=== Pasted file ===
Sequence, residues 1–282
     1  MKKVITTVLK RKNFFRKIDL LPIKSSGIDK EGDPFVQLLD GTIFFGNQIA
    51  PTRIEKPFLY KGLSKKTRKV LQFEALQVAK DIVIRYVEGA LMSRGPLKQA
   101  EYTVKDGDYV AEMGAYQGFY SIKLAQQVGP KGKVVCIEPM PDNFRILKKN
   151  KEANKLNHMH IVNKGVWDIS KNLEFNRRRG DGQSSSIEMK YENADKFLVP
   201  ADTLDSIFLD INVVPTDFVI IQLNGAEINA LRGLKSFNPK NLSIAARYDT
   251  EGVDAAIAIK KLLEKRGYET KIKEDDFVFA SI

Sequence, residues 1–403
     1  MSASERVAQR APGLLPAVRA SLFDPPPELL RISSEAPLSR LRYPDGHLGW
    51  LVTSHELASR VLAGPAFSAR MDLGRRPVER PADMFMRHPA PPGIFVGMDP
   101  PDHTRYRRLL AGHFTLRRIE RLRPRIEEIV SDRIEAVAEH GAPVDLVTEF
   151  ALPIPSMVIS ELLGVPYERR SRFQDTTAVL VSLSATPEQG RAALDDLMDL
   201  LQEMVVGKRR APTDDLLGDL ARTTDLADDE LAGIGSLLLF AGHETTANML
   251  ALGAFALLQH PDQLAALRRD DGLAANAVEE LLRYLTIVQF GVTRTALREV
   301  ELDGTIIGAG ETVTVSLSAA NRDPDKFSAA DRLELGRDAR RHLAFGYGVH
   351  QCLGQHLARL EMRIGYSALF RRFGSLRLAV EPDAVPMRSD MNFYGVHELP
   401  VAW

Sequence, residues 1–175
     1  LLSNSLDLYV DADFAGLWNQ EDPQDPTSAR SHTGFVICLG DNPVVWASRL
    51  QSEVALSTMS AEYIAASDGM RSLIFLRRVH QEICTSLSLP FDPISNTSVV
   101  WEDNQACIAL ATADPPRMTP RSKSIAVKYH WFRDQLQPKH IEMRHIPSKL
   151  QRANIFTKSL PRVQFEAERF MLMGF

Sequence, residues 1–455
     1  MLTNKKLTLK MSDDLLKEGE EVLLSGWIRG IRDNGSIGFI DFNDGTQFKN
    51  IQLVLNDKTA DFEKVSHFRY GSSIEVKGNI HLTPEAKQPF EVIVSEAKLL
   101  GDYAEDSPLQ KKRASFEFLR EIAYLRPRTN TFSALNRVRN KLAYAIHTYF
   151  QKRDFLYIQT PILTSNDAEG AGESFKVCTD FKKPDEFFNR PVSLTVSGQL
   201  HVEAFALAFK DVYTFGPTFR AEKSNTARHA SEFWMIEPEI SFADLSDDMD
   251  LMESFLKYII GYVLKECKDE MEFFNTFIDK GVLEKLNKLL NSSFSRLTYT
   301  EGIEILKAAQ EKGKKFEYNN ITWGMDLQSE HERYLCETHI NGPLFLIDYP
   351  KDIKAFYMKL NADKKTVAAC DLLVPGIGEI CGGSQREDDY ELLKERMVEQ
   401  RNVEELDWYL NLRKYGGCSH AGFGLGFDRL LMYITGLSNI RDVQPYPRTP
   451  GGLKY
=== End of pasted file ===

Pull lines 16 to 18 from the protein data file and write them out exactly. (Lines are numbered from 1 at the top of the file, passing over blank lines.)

   351  QCLGQHLARL EMRIGYSALF RRFGSLRLAV EPDAVPMRSD MNFYGVHELP
   401  VAW

Sequence, residues 1–175